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Last Updated: Wednesday, 31 October 2007, 00:44 GMT
School creativity 'needs support'
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Schools need to be funded to take creativity seriously, say MPs
Creativity in schools needs to be taken "far more seriously" if it is to avoid being squeezed out of a crowded curriculum, says a report from MPs.

The Commons education committee warns that creativity is a "second-order priority" in England's schools.

The MPs say creativity should be a fundamental part of learning and should receive adequate funding.

"Successful schools are creative schools," said the committee chairman, Labour MP Barry Sheerman.

Creativity - in the form of the arts, music and thinking more imaginatively about subjects - are an important part of an all-round education, says the select committee report.

But there have been fears that schools, under pressure to focus on academic standards, could be neglecting such areas.

And the report by MPs concludes that more should be done to protect these areas of creativity.

Low priority

"The Department for Children, Schools and Families [DCSF] gives the impression that these issues concerning creativity are peripheral to their core responsibilities in education and children's services.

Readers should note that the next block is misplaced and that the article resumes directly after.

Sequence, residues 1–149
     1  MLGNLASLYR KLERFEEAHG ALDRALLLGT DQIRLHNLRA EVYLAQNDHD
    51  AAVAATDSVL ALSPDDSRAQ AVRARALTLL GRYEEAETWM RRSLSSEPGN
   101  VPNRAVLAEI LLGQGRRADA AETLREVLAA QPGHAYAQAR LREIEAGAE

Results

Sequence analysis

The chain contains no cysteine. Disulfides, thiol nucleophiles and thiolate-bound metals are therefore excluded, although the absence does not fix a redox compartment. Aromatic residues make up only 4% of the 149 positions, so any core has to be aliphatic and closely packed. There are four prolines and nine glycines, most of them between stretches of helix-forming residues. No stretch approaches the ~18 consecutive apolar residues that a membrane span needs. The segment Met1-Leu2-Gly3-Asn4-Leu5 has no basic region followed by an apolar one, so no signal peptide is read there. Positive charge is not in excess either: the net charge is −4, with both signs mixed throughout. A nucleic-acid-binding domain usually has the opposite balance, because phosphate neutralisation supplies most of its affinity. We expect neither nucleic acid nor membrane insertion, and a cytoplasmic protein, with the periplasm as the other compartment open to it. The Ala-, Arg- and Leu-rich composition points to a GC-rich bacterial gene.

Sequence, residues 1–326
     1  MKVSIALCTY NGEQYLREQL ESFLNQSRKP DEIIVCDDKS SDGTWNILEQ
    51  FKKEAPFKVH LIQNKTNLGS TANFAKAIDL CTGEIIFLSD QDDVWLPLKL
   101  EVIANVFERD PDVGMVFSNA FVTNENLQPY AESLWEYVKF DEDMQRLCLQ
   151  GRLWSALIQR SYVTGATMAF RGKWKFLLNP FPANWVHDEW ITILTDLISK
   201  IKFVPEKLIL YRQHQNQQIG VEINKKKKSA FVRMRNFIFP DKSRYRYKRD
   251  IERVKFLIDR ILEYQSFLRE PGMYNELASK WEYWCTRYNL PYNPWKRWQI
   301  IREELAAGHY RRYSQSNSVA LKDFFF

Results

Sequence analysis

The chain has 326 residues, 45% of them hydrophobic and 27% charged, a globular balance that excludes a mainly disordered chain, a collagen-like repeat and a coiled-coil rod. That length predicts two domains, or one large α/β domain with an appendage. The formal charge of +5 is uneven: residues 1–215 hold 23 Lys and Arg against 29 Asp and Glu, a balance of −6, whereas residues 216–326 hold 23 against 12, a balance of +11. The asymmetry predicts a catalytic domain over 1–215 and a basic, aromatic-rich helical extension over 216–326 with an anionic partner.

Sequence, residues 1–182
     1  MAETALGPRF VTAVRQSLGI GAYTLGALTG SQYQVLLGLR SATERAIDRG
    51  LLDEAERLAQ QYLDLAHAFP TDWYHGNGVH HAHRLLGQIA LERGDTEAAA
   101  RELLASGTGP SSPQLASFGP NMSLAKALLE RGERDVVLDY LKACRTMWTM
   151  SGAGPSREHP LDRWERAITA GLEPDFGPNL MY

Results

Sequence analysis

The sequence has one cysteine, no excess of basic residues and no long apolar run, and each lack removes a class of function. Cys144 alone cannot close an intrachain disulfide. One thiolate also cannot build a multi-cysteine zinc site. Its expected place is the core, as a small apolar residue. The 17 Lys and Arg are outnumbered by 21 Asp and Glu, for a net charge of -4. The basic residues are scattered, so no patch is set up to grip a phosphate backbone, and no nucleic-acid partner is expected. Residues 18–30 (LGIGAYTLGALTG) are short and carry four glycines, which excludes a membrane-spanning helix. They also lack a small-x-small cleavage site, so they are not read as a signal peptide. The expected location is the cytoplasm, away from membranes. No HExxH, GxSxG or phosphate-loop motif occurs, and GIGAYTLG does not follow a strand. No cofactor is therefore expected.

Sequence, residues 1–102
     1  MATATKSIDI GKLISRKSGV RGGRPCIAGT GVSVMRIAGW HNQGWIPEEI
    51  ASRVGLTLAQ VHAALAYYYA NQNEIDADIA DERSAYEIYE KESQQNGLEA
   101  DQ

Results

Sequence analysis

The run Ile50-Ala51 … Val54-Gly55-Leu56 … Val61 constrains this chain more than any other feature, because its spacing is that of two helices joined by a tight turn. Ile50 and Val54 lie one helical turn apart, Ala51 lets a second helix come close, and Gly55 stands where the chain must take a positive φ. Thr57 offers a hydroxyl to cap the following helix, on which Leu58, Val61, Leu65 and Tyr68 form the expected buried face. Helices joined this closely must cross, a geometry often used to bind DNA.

"We believe that the best education has creativity at its very heart," says the report.

The MPs said that the funding structure "suggests that creativity is a 'second-order priority'" for the department.

And it urges the government to consider changing its Every Child Matters agenda so that "creativity becomes a fundamental part of every child's education".

The MPs also suggest that there should be an assessment of creative skills alongside academic tests.

Mr Sheerman said schools were enthusiastic about the benefits of creativity - but the government needed to acknowledge its importance and to examine ways of changing the curriculum to make space for it.

"Our inquiry found a high level of support for creative approaches to teaching and learning in schools, with many practitioners clearly convinced of the positive effects on a child's learning and development," said Mr Sheerman.

"It is not always clear that the DCSF is similarly convinced - it needs to take this issue far more seriously with active support for creativity in schools. Creativity should be at the very heart of teaching and learning."

An Ofsted report last year concluded that creativity could help improve how pupils behaved.

Pupils who had worked with creative people such as writers and fashion designers were more punctual, better behaved and worked better, said Ofsted.

It said pupils developed skills such as improvisation, risk-taking, resilience and collaboration.



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